Biofuel Plant Converts Fruit Waste Into Alternative Fuel
There’s an obvious Mr. Fusion reference there that I am going to resist making, but it isn’t just Hollywood movie magic It’s a real idea by the Fraunhofer Institute for Interfacial Engineering and Biotechnology. The Fraunhofer Institute has built a pilot waste-food-to-fuel plant in Stuttgart, Germany, next to a wholesale fruit market.At the end of the day, the waste and rotted vegetables are scooped up and dumped into a bioreactor, where the waste ferments into a sustainable biomethane. As ze Germans would say, Wundabar!
The plant relies on rotting fruits and veggies, where natural decay has already decomposed the tough lignin structure that makes breaking down fresh plants so tough. As a result, the fermentation process lasts just a few days, depending on the acidity of the fruits inside, resulting in a clean-burning biomethane fuel. This same idea is being applied in the developing world as well, where human waste is gathered up and fermented to make methane. Compared to human poo, rotting fruit must seem absolutely benevolent.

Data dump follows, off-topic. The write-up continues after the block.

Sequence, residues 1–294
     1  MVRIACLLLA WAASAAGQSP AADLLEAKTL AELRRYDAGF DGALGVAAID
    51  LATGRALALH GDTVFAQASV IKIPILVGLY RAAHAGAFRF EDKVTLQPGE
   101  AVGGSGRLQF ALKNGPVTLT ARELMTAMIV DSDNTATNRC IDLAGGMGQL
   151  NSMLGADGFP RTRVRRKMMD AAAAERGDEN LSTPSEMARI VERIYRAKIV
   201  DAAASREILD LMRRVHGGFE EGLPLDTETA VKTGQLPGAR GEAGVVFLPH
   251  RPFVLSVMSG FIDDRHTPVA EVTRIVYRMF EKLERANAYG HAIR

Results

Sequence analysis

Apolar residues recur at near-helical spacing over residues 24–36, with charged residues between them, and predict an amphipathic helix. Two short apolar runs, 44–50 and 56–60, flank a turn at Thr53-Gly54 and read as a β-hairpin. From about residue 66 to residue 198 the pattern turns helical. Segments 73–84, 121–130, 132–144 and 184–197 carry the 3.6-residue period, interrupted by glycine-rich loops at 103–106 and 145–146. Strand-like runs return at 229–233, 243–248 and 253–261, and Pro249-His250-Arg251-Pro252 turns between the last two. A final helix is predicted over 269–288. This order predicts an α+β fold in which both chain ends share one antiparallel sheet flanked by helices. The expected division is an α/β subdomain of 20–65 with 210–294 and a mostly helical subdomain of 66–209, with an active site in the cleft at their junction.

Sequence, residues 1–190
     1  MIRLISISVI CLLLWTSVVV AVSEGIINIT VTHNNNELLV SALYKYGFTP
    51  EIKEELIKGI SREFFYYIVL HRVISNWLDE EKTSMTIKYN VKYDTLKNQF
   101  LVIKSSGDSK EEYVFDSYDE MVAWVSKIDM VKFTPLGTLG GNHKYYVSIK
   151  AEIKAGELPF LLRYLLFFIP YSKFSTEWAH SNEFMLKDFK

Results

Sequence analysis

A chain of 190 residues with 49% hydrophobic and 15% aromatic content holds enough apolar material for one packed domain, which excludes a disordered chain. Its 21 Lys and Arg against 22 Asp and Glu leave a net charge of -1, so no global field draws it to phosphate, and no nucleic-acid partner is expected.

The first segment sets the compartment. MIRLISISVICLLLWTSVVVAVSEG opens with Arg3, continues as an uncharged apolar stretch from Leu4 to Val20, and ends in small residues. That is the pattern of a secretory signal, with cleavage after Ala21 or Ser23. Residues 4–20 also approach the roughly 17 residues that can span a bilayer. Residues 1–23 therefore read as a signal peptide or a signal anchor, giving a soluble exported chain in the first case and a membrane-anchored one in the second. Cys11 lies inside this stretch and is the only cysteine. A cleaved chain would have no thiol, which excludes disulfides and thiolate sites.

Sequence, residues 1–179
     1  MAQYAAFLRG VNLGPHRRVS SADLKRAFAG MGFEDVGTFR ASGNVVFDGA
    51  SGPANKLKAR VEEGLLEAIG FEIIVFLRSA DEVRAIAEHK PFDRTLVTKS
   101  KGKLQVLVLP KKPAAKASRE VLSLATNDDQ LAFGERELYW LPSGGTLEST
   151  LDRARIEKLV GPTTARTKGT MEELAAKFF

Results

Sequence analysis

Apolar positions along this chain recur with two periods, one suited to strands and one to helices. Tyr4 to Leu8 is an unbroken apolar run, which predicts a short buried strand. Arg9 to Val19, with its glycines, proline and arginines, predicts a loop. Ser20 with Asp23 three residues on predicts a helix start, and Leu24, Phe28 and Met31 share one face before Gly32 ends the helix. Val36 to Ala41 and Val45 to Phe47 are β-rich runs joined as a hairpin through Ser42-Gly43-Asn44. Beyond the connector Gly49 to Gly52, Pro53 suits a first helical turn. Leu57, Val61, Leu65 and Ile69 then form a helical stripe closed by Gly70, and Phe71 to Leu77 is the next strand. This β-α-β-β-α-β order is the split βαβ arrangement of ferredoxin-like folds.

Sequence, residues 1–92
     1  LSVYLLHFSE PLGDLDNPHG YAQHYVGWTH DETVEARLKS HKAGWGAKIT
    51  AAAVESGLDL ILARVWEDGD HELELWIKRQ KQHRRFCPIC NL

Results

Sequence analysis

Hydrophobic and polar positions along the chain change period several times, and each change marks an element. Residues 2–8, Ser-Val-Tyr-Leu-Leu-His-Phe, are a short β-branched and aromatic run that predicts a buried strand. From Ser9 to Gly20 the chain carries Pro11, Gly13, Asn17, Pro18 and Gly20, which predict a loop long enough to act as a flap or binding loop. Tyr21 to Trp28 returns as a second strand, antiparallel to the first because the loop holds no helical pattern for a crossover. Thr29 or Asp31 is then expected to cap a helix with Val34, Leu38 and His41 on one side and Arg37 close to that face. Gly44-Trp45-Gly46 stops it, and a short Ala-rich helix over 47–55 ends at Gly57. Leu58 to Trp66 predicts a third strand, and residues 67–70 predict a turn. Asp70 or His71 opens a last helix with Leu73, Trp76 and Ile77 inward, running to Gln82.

As an added bonus, the biofuel plant also reuses all of the runoff from biomethane production, like the liquid filtrate, which is fed to algae farms that produce a biodiesel fuel. CO2 from the fermentation process also feeds the algae farm. Though strictly a test plant, this demonstration could provide local farmers with the means to fuel up on otherwise rotten fruit. Just take the day’s leftovers to the fueling station, and trade in your rotten fruit for freshly-made fuel.
It may not save the world, but every little step forward helps.